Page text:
January 11, 2011

Maintaining Momentum

Day 11: 25.3 miles/1:33

“When the going is easy and the wind is at your back, push hard; when the going gets tough, push harder.”

Our lives pretty much exist in cycles where on one day focusing on accomplishment doesn’t take much. We seem to be on point and on task with everything. The day flies by, the energy, the conversations, and the output is simply excellent. Then, the next day we feel like we are carrying around a piano. Things seem to move slowly, everything seems to be going wrong, nothing is going right, and we get almost nothing done. How is it that the same person can experience two entirely different days? It is called life. Sometimes we simply couldn’t engage that day. It happens.

Brandon was talking last night with a great deal of clarity regarding his experiences in this cycle. He has days where working out, writing down his thoughts, attending a meeting, and feeling good about life is easy. Other days, the simple prospect of doing any one of those things is more than he can deal with. The difference for him in his current state of clarity is that on those days where doing anything is a chore, are the days that it is most important for him to make sure he does them. When he shared that with me, I was impressed. He was right on.

It is the off days that can cost us all of our momentum. No matter how far and fast we travel on our good days, we can lose all our momentum on one off day. This is not to say there will not be off days; we have already established there are. The key to managing the off day is to push through it harder than ever to make certain that everything we have defined as key to our commitments are fulfilled. If we don’t fulfill them, we lose momentum. Off days cannot slow us down or stop us. Our accomplishments on the off days is what gives us that added energy on the good days. When we don’t fulfill our commitments on the off days, that failure has a carryover effect. We have a tendency to reflect back on bad days and will even acknowledge that we didn’t have a good or complete day. That results in some sense of failing or shortcoming. It is human nature to be disappointed for allowing a bad day to interrupt our progress. And it does happen. As a result, an off day becomes an off day, plus.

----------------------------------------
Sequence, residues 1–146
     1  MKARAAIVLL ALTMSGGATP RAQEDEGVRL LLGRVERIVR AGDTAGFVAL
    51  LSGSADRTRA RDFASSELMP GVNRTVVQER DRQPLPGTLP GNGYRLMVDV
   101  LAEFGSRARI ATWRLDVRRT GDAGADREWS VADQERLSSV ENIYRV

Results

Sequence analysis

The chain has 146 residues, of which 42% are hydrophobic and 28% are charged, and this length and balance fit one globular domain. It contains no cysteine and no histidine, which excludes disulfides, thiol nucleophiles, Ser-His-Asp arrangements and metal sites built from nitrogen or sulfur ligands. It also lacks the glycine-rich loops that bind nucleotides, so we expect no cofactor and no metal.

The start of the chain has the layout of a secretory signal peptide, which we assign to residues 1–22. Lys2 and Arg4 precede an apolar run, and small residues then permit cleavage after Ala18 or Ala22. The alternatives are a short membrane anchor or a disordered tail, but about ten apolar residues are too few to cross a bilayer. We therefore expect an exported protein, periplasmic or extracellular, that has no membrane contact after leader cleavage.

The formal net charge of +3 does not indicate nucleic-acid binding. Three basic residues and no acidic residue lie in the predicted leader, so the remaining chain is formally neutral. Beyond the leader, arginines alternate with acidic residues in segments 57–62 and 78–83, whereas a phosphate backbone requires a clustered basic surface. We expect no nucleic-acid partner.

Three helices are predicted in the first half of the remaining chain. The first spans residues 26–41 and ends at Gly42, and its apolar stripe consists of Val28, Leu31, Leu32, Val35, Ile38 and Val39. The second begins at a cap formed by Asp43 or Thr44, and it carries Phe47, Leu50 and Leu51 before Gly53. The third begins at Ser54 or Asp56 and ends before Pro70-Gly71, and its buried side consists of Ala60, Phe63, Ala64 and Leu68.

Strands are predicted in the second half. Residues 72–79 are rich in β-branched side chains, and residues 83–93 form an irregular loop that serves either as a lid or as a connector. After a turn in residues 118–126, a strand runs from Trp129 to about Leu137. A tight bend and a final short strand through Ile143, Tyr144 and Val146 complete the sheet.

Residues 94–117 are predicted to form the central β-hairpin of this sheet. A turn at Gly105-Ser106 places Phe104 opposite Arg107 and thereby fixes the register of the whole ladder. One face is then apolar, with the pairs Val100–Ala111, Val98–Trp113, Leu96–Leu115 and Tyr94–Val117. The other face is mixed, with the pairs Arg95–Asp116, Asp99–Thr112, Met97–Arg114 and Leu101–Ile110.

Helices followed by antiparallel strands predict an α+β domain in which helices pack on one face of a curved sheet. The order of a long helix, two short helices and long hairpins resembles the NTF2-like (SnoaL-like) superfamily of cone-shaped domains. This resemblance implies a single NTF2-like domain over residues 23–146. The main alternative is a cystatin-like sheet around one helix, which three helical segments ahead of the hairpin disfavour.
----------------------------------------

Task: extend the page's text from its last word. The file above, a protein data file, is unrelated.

Similarly, the effect of pushing through a bad day and fulfilling our commitments has a tendency to increase our energy and enthusiasm. After all, “It was a rough day and I still got everything done.” “Even in the worst of times, I fulfilled my commitments.” Those are pretty powerful internal conversations. Imagine how that makes you feel. Even when things go bad, things were accomplished. Those are the types of outcomes that create that wind at your back moments on the good days. Not only are you having a good day, you are having a great day because you turned a bad day into a successful day. You now have this contagious positive energy every day, even on the bad ones.

Pushing through on the bad days creates momentum for the good ones. Never lose sight of your commitments and your goal. Even if you move slowly, painfully forward to accomplish your commitments on the hardest of days, the outcome of that accomplishment will be greater than the accomplishment itself. It will be the source of ongoing and sustainable and positive energy to drive you even harder on your best days. Momentum is a wonderful and dangerous resource. When you have it, you can go very far, very fast. When you lose it, it can take a lot of effort to get it started again. Keep your commitments, focus on the goal and you will always have momentum on your side—even when you don’t necessarily feel it.

About Dave Cooke

Dave Cooke is a dad on a mission. His mission is to help parents get control of their lives over the powerful, destructive influences of a child's addiction. As the father of a son in a ten year heroin battle, Dave knows all to well the challenges parents and families face. He also knows there is a way to find peace in the chaos. It is his mission to help parents discover their path to a healthier, balanced life even if a child's active addiction is still part of their daily journey.